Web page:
Agriculture, forestry and fisheries contribute almost 16% of GDP, but employ a much larger share of the labor force. A significant portion of the best land is owned by the king and operated as a large-scale state farm. With irrigation, citrus fruits and vegetables for export. However, the majority of the land is operated as a family farm with wheat, barley, fruit and vegetables as important crops. Both in the lowlands and in the mountains there is a large livestock with cattle, sheep and goats, and in the southern oases dates are grown. Agricultural production is particularly limited by water problems and the country is not self-sufficient in food; most years, a third of the grain requirement must be imported. On the other hand, exports of fruit and vegetables are significant, and efforts are being made to increase sugar and cotton production. With state support are several irrigationsprojects under development.

The potential for fishing is great, but both the fishing fleet and the onshore processing facilities have too little capacity to make full use of the rich fish banks in the upwelling areas off the Atlantic coast, and some fishing quotas are sold to EU fishermen. The main fishing ports are Casablanca, Agadir, Safi and Essaouira, and tuna and sardines in particular are caught.

Mining. Morocco is the world's largest exporter and has the largest reserves of crude phosphate used in the production of fertilizers. Iron, lead, zinc and manganese are extracted to a lesser extent, and there is less coal production. No significant oil or gas deposits have yet been found, but high hopes are being set for oil discoveries off the Atlantic coast. So far, a lot of energy has to be imported. Hydropower is only of marginal importance, but there are good opportunities for development on several rivers. However, the long summer drought means that the economy of hydropower projects can be problematic.

Industry employs 16% of the workforce but contributes 25% of GDP. The most important sector is the state-controlled processing of raw phosphate into fertilizers. The rest of the industry is characterized by smaller companies within e.g. food, textiles, leather and building materials, including cement factories. In addition, there is the widespread and still living tradition of artisanal production of carpets, ceramics and wood and leather goods.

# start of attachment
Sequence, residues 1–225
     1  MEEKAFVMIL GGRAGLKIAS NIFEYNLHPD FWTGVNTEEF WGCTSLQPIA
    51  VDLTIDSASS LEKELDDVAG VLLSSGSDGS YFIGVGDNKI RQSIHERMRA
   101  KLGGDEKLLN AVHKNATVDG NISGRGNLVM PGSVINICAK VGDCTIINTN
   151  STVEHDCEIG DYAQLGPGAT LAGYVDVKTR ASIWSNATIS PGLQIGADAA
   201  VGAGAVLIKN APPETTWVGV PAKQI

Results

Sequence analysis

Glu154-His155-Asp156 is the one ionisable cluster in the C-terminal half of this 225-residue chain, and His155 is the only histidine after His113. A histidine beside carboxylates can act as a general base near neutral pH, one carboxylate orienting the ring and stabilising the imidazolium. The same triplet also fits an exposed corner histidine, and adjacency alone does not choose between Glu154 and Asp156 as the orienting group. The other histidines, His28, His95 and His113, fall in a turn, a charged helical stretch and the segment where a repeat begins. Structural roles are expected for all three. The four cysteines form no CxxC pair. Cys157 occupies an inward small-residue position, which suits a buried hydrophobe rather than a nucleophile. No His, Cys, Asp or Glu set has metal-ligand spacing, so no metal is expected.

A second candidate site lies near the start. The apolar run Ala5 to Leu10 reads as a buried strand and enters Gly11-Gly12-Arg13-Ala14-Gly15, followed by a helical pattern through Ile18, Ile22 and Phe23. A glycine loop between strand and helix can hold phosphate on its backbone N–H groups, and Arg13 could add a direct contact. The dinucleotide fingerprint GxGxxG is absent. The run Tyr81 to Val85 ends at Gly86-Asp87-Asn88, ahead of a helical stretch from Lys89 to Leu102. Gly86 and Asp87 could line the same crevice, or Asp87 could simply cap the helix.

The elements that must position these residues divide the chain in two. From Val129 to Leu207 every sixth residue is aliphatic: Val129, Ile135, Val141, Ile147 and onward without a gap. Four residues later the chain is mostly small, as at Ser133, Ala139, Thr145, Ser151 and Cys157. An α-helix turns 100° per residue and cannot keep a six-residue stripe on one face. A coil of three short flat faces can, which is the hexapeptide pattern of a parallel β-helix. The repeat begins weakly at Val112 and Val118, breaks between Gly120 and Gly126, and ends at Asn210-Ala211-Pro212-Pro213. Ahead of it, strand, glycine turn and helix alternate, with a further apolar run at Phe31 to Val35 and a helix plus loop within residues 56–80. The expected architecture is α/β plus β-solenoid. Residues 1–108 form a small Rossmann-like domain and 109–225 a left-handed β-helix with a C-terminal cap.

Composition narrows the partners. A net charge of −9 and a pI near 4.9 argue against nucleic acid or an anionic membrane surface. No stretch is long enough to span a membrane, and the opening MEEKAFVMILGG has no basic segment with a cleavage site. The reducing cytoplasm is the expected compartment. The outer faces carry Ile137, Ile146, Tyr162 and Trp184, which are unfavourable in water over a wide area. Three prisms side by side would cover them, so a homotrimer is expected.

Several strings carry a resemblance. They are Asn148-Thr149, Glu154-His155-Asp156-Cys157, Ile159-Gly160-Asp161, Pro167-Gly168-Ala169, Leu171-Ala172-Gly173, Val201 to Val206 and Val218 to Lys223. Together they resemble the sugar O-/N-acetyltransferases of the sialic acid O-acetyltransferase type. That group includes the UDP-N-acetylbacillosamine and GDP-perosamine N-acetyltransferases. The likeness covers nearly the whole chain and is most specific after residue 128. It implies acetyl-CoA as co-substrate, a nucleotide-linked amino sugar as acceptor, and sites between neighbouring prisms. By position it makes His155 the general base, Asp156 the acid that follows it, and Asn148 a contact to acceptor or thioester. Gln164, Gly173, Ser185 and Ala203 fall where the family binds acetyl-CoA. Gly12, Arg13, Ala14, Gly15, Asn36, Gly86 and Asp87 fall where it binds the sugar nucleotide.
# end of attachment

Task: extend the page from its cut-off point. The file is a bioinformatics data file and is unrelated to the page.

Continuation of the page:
For both agriculture and fisheries, Morocco suffers from EU quotas on important Moroccan exports.

Infrastructure. Morocco's road network is well developed in the densely populated areas, and many roads are of good quality, not least in the coastal areas. It's about. 1900 km railway. Tangier is a regional traffic hub with ferry routes to Europe; other important ports are Agadir and Casablanca. There are several international airports, among others to serve the many tourists.

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Morocco - language

Official language is standard Arabic. Moroccan (Maghreb) Arabic is spoken by approximately 60% (2005) and Berber of approximately 40% of the population. Berber includes the main dialects Tashelhit/Shleuh (Southern Moroccan), Tamazight/Imazighen (Central Moroccan) and Tarifit or Rif/Ruafa (Northern Moroccan). Arabic has since 600-t. slowly displaced Berber. French is still widely used as a second language and in teaching; Spanish is spoken by a minority to the north and in the Sahara.

Morocco - religion

Islam is Morocco's official religion, and approximately 98% of Morocco's population are Muslims. Islamic law is the basis of legislation in all family law matters. The Ministry of Religious Affairs and Foundations ensures that the Islamic tradition is upheld and a large number of imams at the country’s mosques are employed by the ministry. The Moroccan royal house claims to be descended from the family of the Prophet Muhammad. In the country's struggle for independence from France, the Islamic traditions of the population were strongly emphasized, and the tradition has played an important role throughout the country's independence both as legitimacy through the royal house's symbolic use of Islam and as a starting point for criticism of the political system.